Interpreted as a "never do harm" mandate, the Rede becomes contradictory to the rest of Wicca. But taken as advice to do what you want when it's done responsibly and with consideration to the consequences, the Rede makes perfect sense.

This is why the Rede makes a good Golden Rule as such, but should not be considered the be-all, end-all final word in Wiccan ethics and morals.

Web of Life

Everything we do causes vibrations on the strands of the web of life.
Everything we do causes vibrations on the strands of the web of life. | Source

The Rede Beyond the Circle

When many Wiccans invoke the Rede, they're defending magic and spell casting. You can barely navigate an interfaith message board without seeing Wiccan protests that we don't curse or hex people, we don't cast love spells on people or practice 'black magick' or call up 'evil spirits'.

That's a given, I grant you. I wonder how many of us think about the Wiccan Rede in when making mundane choices in our daily lives, though.

For example, on a simple trip to the grocery store, how many of us think about the Rede? How many Wiccans remember that they put themselves and others significantly more in harms way when they speed, or talk on the cell phone while driving? How many of us get arrogant enough to assume the laws should not apply to us, or that somehow we are so superior a driver that we can't make a mistake (a mistake that can cost a life, mind you)?

Do we think about the Rede when we choose chemical- and sugar-laden foods that we know have already taken a toll on our health? What about buying tobacco products that will ultimately be smoked in a home where children live?

Do we give in to impulse buys for unnecessary things-- such as make up or a 12-pack of beer-- even though we know it means being late paying the back rent owed to the landlord? Are we violating the Rede by hurting ourselves, and our landlord, with an irresponsible choice?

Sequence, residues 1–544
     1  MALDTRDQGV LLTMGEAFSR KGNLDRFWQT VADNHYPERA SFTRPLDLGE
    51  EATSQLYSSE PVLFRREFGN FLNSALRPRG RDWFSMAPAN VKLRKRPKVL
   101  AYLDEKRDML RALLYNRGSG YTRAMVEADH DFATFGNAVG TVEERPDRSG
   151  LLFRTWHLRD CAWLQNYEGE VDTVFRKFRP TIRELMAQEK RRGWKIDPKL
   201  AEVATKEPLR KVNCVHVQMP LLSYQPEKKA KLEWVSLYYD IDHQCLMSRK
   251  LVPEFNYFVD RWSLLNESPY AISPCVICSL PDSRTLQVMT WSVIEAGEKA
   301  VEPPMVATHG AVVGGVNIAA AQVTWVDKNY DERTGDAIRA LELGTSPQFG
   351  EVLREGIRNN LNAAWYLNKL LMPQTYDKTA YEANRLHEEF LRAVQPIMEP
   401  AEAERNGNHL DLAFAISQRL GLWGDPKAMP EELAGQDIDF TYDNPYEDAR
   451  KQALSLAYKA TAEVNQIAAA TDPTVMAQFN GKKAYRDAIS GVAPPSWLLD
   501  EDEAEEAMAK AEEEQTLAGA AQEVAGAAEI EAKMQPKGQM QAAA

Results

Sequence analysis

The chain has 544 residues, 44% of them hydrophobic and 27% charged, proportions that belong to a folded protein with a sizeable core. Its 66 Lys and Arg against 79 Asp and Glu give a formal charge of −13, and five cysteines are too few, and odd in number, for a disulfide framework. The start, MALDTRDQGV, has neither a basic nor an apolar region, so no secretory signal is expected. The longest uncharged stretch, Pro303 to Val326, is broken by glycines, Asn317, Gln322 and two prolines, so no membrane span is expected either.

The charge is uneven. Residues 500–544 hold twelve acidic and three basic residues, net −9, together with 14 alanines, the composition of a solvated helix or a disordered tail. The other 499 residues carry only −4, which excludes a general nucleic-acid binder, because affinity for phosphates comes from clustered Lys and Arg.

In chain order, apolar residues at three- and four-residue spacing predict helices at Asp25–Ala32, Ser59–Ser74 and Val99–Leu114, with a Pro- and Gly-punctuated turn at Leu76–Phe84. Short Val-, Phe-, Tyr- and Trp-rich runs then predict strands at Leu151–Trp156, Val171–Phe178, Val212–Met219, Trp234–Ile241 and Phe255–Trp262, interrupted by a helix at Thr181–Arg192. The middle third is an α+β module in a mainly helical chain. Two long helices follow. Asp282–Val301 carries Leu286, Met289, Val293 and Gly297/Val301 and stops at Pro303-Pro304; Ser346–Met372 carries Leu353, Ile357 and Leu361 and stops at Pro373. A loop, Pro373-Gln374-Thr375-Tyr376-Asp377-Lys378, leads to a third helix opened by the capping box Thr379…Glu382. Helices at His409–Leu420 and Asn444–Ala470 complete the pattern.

What about the environment when it comes to purchasing disposable diapers that will take up space for centuries in a landfill? Or using paper and plastic bags rather than bringing reusable canvas grocery totes? Does harming the environment for convenience violate the Rede?

What about when we snarl and say an unkind word to the poor minimum-wage earning grocery store clerk who would not take an expired coupon (because she did not want to risk a mark against her that might result in losing her job, or being denied a raise)? What if that cashier gives out the wrong change-- should one walk out knowingly, and gleefully, pocketing an extra ten bucks? Even with the possibility of a new, young cashier losing his job over that $10? Is that somehow better than hexing someone into poverty?

I'm not casting moral judgements here. Goddess knows I am guilty of my share of moral compromises. I would just like to point out that Wicca is an entire religion by which we live our lives-- not just a hobby we do on the full moon. Yes, there are times when we will have tough choices. Yes, there are times when the right choice isn't going to be very clear, and we'll have to do the best with what we've got. And yes, there are going to be times at which we all fall short of our ideals. As such, ethics and morality-- particularly the Wiccan Rede-- should be applied to our lives full-time.

Wiccan Rede Meaning

Understanding the Wiccan Rede
Understanding the Wiccan Rede | Source

Wicca Beyond the Rede

The Wiccan Rede serves as a good though simplified Wiccan ideal. It makes a good 'golden rule' of sorts, by which Wiccans can live their lives, both inside and outside of the circle.

As a complete ethical code, however, the Wiccan Rede is lacking. It should be considered neither the beginning, nor the end, of Wiccan morality. It is not the final word, nor the only word on the matter.

There are additional sources of Wiccan moral and ethical guidelines to consider, such as the Threefold Law (which you can read about here) or the Charge of the Goddess. We might think about how they are applied and how they interplay to give Wiccans a more complete moral framework.

References

  1. Coughlin, John J. Ethics and the Craft: The History, Evolution, and Practice of Wiccan Ethics. New York: Waning Moon, 2009. Print.
  2. For an excellent, excellent essay on interpreting the Wiccan Rede, please see Wiccan Ethics And The Wiccan Rede by David Piper.

Comments

    0 of 8192 characters used
    Post Comment

    • profile image

      Russell 

      5 months ago

      I think the Rede makes good sense,if people did no harm to other people and let them live their lives in peace the world would be a better place for all the human race.

    • WiccanSage profile imageAUTHOR

      Mackenzie Sage Wright 

      5 years ago

      Thanks! I've always found the Rede an interesting discussion.

    • Radcliff profile image

      Liz Davis 

      5 years ago from Hudson, FL

      The Rede doesn't go into detail about whether a particular action is right or wrong, but instead encourages you to be mindful of your decisions. As you point out, it's easy to agree with the Rede, but it's not quite as easy to live it if you mindlessly rush through your day. Thank you for the insightful and thought-provoking hub, Sage!